And Another: Stern pole is not Shepherd though – looks like a more modern type with a curved s/s shaft with a blade effect on it – kind of looks like a Barnes piece – similar design as on Billy Bee as an example. The bits of hardware are mostly Greavette style (same as on our Streamliner) check Real Runabouts Vol 3 page 152. The dash gauge panel is the same as the original one in our Streamliner and we believe is a pre-war SW panel so nothing special there. The step pads are similar to Greavette other than the rubber. The big wood vents are simlar to both Greavette and Shepherd but not as nice. Windshield looks like a Shepherd late 40’s early 50’s – same as came on the 1948 Shepherd 22′ Special Runabout we have waiting to be restored. The search light was another Shepherd thing.
Also if you look at page 90 in R/R vol 1 there is a few shots of some mid 50’s Greavettes that have similar style and then on page 87 there is a shot of the layout of a 1941 33′ Greavette which looks very similar but obviously not exactly the same. I wondered about the trim around the rear cockpit – especially the gaps but Andrew informed me that that is because the hatch tilts towards the rear and the two pieces of trim would then butt up against each other. He is eventually going to do the same trim on the Streamliner’s rear hatch – so another similarity to the Greavette.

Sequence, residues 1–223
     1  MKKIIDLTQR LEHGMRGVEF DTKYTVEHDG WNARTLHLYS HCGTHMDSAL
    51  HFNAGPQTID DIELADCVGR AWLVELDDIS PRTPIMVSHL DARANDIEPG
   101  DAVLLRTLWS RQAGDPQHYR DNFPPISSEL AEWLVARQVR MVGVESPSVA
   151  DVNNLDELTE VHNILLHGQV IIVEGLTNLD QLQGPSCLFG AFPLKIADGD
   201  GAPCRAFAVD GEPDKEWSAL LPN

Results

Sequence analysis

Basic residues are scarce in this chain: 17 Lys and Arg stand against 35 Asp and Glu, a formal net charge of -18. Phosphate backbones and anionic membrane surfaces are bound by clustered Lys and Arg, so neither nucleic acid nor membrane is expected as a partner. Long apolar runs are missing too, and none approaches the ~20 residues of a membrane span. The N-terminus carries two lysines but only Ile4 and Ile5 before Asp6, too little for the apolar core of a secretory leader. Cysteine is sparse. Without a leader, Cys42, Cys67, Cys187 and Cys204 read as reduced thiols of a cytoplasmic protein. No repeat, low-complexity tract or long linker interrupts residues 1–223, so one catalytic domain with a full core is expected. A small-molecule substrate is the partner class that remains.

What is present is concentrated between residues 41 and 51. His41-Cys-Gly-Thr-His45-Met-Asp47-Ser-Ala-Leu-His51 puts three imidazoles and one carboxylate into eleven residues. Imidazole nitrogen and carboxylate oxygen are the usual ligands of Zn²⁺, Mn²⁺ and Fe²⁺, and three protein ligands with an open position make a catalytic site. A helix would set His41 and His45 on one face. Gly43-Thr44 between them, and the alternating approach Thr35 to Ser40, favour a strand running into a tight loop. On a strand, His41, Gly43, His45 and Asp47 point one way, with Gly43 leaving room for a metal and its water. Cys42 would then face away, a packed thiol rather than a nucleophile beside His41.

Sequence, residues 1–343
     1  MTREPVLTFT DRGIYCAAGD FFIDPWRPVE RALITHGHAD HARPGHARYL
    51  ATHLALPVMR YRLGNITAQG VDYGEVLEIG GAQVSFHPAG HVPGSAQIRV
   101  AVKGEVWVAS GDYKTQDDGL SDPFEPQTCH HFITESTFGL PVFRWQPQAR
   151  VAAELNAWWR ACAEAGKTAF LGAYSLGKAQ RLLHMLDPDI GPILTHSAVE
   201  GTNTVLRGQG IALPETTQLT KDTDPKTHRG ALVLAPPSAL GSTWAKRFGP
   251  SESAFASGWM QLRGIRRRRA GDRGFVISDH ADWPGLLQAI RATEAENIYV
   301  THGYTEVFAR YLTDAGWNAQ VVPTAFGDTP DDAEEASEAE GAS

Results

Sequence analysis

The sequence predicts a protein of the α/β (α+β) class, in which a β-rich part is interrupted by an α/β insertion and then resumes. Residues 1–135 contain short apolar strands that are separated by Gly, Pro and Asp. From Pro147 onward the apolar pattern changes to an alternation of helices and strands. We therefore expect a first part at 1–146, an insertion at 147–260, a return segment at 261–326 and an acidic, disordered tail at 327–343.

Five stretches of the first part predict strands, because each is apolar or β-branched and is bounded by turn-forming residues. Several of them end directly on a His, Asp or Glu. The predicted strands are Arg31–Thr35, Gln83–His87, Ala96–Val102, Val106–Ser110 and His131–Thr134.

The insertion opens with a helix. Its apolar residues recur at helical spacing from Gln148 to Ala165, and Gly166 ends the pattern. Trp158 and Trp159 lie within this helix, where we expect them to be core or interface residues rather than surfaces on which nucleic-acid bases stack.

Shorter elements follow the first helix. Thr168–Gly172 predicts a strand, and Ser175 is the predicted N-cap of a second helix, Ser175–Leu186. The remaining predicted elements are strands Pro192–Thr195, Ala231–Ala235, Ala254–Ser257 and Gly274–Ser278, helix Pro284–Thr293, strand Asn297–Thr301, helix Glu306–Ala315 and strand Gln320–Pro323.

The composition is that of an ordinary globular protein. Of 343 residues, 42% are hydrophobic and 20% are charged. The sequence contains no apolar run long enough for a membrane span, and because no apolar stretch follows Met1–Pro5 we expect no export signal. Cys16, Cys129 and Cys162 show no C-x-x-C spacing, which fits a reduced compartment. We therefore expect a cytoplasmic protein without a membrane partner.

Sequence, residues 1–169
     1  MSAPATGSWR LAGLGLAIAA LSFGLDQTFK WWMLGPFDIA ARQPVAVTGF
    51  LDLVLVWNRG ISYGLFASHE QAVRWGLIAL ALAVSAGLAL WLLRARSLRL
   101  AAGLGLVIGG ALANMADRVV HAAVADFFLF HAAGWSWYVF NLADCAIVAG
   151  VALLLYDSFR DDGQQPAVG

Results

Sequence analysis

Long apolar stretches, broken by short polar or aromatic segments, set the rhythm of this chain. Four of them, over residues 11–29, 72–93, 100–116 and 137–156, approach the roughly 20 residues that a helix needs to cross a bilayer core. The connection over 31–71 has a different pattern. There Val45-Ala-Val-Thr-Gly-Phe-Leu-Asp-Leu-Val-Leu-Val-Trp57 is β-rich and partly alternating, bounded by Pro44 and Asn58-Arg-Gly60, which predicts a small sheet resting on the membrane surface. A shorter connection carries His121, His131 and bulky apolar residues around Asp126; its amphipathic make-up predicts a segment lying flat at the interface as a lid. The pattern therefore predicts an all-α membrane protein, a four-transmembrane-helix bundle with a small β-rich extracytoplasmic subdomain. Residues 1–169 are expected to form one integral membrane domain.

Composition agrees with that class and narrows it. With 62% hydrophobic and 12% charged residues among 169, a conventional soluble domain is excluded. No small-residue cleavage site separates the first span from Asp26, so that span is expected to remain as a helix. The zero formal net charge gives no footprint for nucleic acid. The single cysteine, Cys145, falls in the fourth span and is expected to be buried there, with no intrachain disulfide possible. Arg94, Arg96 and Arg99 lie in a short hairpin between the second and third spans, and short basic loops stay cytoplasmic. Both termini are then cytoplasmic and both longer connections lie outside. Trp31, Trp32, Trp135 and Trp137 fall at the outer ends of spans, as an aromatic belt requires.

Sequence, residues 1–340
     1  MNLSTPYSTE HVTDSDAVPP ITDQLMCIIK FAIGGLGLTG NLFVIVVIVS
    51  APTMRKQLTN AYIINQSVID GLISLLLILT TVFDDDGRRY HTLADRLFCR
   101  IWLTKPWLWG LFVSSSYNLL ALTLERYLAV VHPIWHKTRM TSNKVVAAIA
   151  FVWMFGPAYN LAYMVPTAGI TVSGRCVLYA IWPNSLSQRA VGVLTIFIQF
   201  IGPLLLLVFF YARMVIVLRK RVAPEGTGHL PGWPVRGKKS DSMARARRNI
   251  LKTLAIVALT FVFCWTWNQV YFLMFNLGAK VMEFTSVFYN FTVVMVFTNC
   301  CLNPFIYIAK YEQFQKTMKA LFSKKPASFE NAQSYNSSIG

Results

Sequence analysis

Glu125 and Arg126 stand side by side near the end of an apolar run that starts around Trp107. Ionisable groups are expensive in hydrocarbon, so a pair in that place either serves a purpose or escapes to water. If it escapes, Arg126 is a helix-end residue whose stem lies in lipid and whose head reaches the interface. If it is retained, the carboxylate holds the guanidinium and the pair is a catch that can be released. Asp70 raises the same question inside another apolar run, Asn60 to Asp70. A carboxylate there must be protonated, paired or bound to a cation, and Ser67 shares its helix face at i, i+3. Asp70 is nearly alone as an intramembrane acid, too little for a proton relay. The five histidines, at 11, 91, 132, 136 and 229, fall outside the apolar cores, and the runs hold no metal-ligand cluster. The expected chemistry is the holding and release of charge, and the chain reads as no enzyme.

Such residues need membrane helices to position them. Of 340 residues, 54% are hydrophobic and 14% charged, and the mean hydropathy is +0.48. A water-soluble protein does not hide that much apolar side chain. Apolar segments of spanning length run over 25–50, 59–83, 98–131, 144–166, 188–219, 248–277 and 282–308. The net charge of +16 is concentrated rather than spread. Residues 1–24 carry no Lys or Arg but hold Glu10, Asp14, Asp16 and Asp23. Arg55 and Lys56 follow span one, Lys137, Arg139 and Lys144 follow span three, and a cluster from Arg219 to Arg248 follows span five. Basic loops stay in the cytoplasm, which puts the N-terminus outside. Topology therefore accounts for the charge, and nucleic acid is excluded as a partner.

Andrew thinks there is a slight chance it could also be a Hacker or Van Patten design (both worked with Greavette) built in the Muskokas or even a modification by a local builder of another builders hull which was often done in the Muskokas usually by one off shops. Could be it was built by an ex-employee of Greavette – but when is the question.